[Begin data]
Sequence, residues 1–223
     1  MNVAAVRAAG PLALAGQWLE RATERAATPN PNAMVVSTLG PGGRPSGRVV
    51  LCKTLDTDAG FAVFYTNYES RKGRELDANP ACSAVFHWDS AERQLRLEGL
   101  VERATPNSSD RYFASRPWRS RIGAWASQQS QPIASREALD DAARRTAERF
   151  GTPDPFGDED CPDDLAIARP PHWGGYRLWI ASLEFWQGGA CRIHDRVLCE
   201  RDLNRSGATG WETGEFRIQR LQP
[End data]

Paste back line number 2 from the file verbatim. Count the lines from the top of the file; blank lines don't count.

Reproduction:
     1  MNVAAVRAAG PLALAGQWLE RATERAATPN PNAMVVSTLG PGGRPSGRVV